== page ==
Beyond that, Omnistone is also more of an exploration into a “player style rune” rather than a “champion rune.” We know some players will find it fun to play with, but we also know that this kind of mini-game isn’t for everyone. Ideally it’s a viable rune that no one feels pressured to take. It’s not quite hitting that bar right now, but luckily we patch the game regularly. Keystone and champion tuning has become really intertwined in a way that often limits the player choice we’ve always wanted with runes—here’s to hoping Omnistone can break that mold.

Associate Game Designer

What do you think Aphelios’ mastery curve will be like?


A great question, with some debate! But first, let’s talk about mastery curve. Meddler has spoke a bit about this in past “Quick Gameplay Thoughts” posts, but here’s a refresher:

Mastery curve is a measure of how much a champion’s performance increases based on the number of games one has played as them. We tend to care about how much this changes over 30 games to represent experienced players and 100 games to represent master players. 

Certain champions grow a LOT on their journey to becoming experienced (Zoe and Azir grow by ~11% win rate in 30 games, for example). These sorts of champions tend to have challenging to execute patterns with a high chance of failure— as you get reps on it and reduce your failure rate, you gain extreme returns quickly. Other champions have larger error margins, so don’t grow as much (Varus and Brand, for example, grow by ~2-4%). 

After 30 games, most champions’ performance starts to plateau and additional games mean less and less. Some champions, however, continue to grow significantly past this point, occasionally even beyond the 100 and 200 game marks. Very subjectively, I think this is where the real “mastery” happens. The first 30 games are “learning the ropes” and mostly reducing one’s error rate. Then, once you get the basics down and stop making errors, the next 100 games is when you start to really master the champion and begin to leverage every possible part of their kit.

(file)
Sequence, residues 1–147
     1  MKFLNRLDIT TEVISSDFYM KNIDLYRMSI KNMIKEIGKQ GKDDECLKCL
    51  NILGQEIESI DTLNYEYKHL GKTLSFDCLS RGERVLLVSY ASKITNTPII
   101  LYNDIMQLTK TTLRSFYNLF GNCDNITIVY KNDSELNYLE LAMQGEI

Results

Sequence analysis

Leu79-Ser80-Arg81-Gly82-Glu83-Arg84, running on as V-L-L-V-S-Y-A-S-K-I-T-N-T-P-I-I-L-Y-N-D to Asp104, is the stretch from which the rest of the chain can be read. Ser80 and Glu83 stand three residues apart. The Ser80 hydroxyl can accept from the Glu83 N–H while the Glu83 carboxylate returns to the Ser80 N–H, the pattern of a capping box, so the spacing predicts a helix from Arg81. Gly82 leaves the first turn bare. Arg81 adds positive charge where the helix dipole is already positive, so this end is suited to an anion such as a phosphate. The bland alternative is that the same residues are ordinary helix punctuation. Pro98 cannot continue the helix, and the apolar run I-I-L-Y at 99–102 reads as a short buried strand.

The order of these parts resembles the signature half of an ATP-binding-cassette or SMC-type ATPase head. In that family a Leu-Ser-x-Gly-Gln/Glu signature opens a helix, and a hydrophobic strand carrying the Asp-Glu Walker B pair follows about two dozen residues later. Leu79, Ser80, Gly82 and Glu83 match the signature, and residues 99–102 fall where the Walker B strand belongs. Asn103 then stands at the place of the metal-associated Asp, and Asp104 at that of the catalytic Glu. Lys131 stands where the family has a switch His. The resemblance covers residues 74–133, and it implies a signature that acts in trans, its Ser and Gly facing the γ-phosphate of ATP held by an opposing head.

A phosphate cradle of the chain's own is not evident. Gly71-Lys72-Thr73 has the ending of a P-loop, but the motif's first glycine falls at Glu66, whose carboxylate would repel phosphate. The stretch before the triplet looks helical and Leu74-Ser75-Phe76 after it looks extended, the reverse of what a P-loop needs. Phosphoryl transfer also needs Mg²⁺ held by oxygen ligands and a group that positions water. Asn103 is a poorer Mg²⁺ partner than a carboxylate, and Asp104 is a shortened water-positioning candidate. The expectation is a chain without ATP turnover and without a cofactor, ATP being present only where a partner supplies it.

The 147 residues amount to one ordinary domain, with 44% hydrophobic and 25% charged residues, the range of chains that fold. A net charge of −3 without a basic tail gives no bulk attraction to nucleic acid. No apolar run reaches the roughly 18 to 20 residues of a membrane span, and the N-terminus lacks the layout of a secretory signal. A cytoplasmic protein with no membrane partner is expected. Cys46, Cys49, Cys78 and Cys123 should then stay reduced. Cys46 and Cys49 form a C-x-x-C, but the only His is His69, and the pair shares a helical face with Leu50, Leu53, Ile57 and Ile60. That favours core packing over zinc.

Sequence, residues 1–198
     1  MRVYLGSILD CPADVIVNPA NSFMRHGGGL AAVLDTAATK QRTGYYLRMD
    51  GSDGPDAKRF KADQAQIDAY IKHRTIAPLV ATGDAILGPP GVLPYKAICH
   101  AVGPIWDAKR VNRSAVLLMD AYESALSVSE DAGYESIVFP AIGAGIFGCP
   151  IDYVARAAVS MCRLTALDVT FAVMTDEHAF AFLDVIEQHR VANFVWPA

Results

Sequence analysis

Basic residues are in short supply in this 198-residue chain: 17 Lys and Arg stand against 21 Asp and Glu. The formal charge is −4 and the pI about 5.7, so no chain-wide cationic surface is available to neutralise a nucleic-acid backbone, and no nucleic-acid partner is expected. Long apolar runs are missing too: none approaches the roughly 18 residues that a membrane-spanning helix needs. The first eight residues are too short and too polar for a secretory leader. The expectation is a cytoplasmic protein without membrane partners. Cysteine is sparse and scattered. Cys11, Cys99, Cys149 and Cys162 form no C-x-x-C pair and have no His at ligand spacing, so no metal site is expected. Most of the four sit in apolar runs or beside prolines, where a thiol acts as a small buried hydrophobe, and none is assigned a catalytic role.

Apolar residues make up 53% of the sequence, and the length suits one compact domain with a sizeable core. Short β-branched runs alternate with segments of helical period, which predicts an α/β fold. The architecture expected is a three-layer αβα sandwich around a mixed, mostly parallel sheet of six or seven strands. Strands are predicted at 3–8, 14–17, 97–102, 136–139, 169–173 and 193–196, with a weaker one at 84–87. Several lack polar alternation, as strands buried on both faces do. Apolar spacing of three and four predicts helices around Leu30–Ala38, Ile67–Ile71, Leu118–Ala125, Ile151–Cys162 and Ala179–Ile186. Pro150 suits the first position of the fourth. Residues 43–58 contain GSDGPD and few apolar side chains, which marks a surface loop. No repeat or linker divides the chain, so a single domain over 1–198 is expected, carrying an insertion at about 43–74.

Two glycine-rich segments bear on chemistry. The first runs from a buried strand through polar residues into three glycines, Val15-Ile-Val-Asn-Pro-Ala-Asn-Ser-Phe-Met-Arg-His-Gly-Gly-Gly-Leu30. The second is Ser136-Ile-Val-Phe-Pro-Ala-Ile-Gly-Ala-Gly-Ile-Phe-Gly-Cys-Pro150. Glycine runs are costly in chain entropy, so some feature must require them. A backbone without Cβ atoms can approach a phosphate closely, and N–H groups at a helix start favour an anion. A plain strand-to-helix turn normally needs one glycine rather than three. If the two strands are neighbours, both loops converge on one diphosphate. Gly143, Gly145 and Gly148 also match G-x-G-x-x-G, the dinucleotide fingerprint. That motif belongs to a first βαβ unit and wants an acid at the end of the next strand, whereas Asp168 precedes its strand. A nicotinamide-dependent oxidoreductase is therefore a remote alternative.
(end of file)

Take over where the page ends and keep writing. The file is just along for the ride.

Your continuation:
Some champions have a steep 30 game curve but a flat 100 game curve; others have the opposite. Let’s get into some more examples to illustrate how these differ. I include the 30-game and 200-game marks here, to really illustrate the difference:

  • Renekton grows by 4% in his first 30, and another 4% in his next 170. 
  • Anivia grows by ~10% in her 30, but only another ~2% over the next 170 games. 
  • Rengar grows by 8% in his first 30, and then another 7% in his next 170!

So, with all this in mind, let’s go back to Aphelios. As we’ve said many times, he’s very hard to play, so the subject matter experts predict that he will grow by ~10-12% in 30 games, and another ~4-5% by 100 games. This puts him at just about… the steepest mastery curve in the game.

But like I said, there’s some debate here! Personally, I expect his first 30 to move quite a bit less than those projections because I believe his propensity for failure is significantly lower than the other champions in that high-mastery camp; if you just play him like a traditional marksman, you’ll still find some success. However, fully understanding every weapon and how to master the order and plan ahead or react appropriately is a very difficult skillset that will continue to pay dividends for a lonnnnnnngggg time. That’s why I believe he will be one of those champions that continues to grow past 100 and 200 games, and I expect there he will differentiate himself as the most challenging champion in the game to fully master!

Game Designer